Leaders Train Workers Why and How to Work Safely
One of the most important leadership activities that shows a strong commitment to safety is to ensure worker safety training is conducted by competent persons. To demonstrate the commitment to worker training, managers should:
- Create a safety training function and designate competent persons as trainers. Competent persons have experience, have completed a train-the-trainer course, and have been evaluated and certified as having adequate knowledge, skills, and ability (KSAs) to conduct training.
- Instruct workers on how to report injuries, illnesses, incidents, and concerns.
- Instruct workers how and why they should carry out safety responsibilities, including: hazard recognition and controls, Job Hazard Analysis (JHA), incident/accident investigations, and participation in safety committees and inspections.
- Instruct workers on concepts and techniques for controlling hazards, including the hierarchy of controls and its importance.
- Train workers on why, when, and how to wear required PPE.
- Provide additional training, as necessary, when there is a change in facilities, equipment, processes, materials, or work organization.
- Provide opportunities for workers to ask questions and provide feedback during and after the training.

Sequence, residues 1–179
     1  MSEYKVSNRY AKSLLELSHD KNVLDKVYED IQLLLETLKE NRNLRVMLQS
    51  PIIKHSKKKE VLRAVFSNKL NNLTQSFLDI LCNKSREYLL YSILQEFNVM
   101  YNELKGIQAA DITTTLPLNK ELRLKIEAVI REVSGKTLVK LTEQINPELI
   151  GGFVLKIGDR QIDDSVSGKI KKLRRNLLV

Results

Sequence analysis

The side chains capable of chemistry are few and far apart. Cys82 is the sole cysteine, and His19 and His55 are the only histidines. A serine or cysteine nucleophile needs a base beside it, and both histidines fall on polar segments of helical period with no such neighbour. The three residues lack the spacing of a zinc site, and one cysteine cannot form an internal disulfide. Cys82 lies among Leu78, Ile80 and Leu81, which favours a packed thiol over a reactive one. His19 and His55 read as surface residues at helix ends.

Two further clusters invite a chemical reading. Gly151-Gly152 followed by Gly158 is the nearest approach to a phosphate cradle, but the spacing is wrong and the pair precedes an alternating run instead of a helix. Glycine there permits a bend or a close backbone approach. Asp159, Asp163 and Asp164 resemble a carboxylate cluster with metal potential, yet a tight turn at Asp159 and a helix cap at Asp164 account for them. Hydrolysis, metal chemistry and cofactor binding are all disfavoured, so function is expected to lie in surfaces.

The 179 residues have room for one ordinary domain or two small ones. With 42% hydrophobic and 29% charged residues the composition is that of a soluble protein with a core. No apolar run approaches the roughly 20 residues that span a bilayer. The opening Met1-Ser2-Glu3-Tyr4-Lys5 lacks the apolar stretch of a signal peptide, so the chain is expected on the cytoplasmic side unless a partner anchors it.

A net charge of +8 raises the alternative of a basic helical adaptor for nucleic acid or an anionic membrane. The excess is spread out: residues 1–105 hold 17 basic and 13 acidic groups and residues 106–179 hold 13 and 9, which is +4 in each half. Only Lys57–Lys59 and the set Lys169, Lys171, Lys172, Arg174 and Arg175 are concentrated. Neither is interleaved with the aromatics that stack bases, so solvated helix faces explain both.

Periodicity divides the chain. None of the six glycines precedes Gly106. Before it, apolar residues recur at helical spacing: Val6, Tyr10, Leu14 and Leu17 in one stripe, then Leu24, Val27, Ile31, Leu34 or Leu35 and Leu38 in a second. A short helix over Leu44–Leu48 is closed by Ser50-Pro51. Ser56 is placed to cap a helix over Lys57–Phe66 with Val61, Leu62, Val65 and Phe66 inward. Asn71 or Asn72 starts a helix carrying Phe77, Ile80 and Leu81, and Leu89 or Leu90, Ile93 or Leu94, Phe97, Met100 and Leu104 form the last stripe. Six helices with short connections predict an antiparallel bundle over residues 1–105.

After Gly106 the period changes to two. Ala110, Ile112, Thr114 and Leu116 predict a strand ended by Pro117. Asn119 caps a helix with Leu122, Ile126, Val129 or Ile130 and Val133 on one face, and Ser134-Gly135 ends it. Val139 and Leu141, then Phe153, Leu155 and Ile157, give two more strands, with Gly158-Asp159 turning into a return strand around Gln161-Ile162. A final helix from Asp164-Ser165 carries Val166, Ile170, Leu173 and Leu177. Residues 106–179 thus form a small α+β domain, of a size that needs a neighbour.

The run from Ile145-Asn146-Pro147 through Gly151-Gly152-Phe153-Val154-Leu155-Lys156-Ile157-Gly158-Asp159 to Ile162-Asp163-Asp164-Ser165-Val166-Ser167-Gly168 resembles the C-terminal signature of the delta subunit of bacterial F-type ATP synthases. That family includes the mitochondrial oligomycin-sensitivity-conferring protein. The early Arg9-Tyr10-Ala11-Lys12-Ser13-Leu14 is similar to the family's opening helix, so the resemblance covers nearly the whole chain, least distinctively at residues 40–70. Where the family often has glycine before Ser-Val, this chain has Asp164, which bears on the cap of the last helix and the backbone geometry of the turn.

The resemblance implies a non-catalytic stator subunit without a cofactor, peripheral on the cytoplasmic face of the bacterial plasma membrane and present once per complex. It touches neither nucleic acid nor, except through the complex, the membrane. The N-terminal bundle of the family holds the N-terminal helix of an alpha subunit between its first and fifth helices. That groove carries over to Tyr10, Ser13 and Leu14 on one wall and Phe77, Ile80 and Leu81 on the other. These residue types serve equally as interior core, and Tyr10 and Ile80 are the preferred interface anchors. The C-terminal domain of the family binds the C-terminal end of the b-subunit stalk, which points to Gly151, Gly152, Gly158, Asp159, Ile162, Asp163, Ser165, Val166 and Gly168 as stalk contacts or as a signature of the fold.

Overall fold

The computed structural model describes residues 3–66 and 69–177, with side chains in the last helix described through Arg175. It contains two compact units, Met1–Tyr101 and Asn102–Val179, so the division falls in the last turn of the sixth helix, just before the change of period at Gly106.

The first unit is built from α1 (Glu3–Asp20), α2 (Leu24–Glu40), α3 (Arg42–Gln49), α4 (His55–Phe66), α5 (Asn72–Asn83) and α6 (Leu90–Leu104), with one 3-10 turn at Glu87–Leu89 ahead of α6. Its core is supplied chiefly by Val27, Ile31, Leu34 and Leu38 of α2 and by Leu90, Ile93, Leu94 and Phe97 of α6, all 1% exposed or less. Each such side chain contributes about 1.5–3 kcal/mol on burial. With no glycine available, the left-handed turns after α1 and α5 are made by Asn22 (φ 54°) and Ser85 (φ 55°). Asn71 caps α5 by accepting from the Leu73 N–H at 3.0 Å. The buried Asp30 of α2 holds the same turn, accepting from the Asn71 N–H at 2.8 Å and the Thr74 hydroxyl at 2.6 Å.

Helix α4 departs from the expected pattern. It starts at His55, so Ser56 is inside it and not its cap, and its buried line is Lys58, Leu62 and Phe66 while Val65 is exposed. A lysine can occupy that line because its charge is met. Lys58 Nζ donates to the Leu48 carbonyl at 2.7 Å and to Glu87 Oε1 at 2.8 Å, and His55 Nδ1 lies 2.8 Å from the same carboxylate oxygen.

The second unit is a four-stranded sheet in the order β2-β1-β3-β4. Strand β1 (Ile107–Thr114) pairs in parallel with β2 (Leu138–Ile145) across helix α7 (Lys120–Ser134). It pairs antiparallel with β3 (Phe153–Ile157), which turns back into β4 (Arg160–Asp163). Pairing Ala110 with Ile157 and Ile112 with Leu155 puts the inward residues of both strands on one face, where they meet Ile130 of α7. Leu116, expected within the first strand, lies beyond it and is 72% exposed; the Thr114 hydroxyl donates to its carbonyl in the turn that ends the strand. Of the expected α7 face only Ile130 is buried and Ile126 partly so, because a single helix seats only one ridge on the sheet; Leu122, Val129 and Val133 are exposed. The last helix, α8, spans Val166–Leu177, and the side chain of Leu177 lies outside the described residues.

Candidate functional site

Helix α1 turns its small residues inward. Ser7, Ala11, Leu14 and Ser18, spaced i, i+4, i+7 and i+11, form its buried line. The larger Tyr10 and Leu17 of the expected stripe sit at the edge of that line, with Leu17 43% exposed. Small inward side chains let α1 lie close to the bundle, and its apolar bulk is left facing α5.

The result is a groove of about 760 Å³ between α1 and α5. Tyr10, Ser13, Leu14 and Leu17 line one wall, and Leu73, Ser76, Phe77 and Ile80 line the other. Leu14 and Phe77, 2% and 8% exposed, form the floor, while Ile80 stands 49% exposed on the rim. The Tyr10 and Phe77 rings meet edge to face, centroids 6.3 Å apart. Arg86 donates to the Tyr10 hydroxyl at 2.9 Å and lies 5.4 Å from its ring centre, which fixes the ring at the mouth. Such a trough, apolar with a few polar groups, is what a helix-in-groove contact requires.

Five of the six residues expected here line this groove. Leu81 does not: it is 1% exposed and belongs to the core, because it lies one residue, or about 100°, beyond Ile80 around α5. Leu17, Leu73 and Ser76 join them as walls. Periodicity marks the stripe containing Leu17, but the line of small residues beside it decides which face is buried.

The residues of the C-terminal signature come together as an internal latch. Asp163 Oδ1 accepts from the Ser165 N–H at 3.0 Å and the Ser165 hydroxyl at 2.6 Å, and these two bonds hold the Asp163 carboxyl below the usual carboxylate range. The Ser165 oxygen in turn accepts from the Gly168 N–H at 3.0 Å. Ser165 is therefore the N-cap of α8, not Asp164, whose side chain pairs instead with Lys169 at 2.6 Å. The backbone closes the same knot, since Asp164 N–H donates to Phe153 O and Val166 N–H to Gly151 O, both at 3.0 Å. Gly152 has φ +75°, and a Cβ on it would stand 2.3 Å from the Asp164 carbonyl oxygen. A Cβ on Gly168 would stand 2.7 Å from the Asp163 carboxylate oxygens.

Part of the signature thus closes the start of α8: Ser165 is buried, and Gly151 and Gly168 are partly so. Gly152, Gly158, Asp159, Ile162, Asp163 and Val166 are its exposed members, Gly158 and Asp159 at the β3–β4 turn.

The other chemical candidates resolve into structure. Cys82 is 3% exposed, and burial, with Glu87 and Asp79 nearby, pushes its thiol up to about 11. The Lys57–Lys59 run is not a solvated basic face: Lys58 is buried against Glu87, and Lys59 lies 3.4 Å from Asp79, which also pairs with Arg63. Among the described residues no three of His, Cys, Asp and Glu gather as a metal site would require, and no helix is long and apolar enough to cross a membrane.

Leaders Conduct SMS Evaluation and Improvement
After management develops a safety management system, sound leadership requires it be evaluated initially to verify that it is being implemented as intended. After that, employers should periodically, and at least annually, step back and assess what is working and what is not, and whether the program is on track to achieve its goals. To effectively demonstrate leadership, managers should:
- Measure safety management system performance using leading and lagging indicators.
- Share results with workers and invite their input on how to further improve performance.
- When opportunities arise, share results with all departments and workers in the organization, and with trade associations.
- Involve workers in all aspects of program evaluation, including reviewing information (such as incident reports and exposure monitoring results); establishing and tracking performance indicators; and identifying opportunities to improve the program.
- Verify that key processes are in place and operating as intended.
- Review the results of any compliance audits to confirm that any program shortcomings are being identified. Verify that actions are being taken that will prevent recurrence.
Leaders Correct Program Shortcomings and Identify Improvement Opportunities
Whenever a problem is identified in any part of the safety and health program, employers — in coordination with supervisors, managers, and workers — should take prompt action to correct the problem and prevent its recurrence. To effectively demonstrate leadership, managers should:
- Take actions needed to correct program shortcomings.
- Proactively seek input from managers, workers, supervisors, and other stakeholders on how to improve the safety management system.
- Determine whether changes in equipment, facilities, materials, key personnel, or work practices trigger any need for changes in the system.
- Determine whether key performance indicators and goals are still relevant and, if not, how to change them to more effectively drive improvements in workplace safety and